Kings Island opened this past weekend, but you won't find me there - and I'm not quite sure why.
I haven't been to Kings Island as a paying guest in more than 20 years. And I know why I shy away from the place. I'm no fun there. I can't hack roller coasters with big drops - and Kings Island's got a bunch of em. Even a ride as relatively tame as The Racer makes something in my brain say NO.
And that's the part I can't really figure out. I like the idea of roller coasters, and the physics of how they work. I'm not afraid of heights. I can go up in a hot air balloon or an airplane without breaking a sweat. I'm not afraid of drops. The Twilight Zone Tower of Terror at Disney's Hollywood Studios is one of my favorite rides, and that thing drops you several times on each trip.
It's not even roller coasters per se that bother me. I can ride the ones at the Disney parks. Space Mountain and Big Thunder Mountain are both loads of fun. Expedition Everest at Animal Kingdom and the Rock n' Roller Coasters at the Studios are a bit more intense, but I've been on both multiple times. I will never forget my debut whirl on the RNRC. I knew that the ride launched you from 0 to 60 at the very beginning, and I had planned to scream like the start of the Beatles' "Revolution" to power me through it.
When I hit that first loop, however, all I could get out was " ." Not any kind of sound, just a stunned expression and a complete inability to vocalize, hence " ."
When it comes to roller coasters with big drops, though, it's a completely different story. When those g-forces on the big drops hit my stomach, my stomach always responds, "I would rather be anywhere in the world but here."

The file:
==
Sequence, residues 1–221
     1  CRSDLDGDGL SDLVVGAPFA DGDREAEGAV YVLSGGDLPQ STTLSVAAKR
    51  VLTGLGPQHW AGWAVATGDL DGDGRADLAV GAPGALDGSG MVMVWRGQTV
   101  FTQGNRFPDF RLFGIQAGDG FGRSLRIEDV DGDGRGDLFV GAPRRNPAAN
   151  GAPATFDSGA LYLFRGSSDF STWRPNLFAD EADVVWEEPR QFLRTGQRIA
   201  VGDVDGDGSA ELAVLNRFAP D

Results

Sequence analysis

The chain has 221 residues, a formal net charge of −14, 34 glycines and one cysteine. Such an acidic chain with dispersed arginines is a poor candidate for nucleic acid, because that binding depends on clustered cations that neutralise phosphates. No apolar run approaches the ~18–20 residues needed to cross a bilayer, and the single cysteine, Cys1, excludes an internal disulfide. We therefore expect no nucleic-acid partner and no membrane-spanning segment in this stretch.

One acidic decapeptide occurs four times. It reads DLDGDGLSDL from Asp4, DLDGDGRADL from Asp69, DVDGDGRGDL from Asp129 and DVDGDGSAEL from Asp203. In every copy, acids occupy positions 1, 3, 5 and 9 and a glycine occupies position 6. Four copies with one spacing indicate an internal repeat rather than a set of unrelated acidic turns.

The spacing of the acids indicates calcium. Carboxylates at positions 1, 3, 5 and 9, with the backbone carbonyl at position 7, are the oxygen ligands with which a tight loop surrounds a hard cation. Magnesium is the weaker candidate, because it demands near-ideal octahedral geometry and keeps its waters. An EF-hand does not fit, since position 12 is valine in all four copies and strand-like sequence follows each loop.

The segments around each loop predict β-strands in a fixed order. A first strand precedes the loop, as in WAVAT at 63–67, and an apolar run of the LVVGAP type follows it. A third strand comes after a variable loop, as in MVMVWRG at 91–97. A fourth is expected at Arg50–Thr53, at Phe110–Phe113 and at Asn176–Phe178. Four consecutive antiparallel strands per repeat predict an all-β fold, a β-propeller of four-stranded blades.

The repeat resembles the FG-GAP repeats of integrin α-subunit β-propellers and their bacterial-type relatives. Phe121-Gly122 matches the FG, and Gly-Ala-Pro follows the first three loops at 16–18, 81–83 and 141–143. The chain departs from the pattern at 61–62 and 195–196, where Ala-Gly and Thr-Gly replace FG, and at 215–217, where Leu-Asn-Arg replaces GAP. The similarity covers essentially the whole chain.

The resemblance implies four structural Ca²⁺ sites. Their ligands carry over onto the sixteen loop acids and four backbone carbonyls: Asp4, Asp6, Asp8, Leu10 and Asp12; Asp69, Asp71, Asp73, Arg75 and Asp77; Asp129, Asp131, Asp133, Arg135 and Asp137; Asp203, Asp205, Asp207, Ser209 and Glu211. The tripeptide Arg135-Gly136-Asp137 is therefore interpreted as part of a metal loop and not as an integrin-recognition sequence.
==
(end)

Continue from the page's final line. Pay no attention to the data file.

No, to find out why I can't take roller coasters, I think we have to resort to that old standby, childhood trauma.
The first big roller coaster I ever rode was an old wooden number called The Screechin' Eagle" at Americana Amusement Park AKA LeSourdsville Lake in Monroe, not far from where I work.
As you can see, this roller coaster is not particularly tall. However, it has been particularly famous among coaster enthusiasts for its "air time" - that moment when your butt lifts off the seat as you crest over the hill. Thing was, at the Screechin' Eagle it's not just your butt that lifts off the seat. It's the entire front half of your body. And when you're only 7 or 8 years old, and you're constantly afraid you're going to go flying OUT of the ride, well --- that tends to stay with you. So from that day on, roller coaster with big drops = last will and testament.
And I, being of sound mind and body, do not want to die, and don't want to be reminded that I feel like I'm going to die. So you could put Amy Adams in a bikini at the end of the ride, and that wouldn't sway me.
That said, she's welcome to try.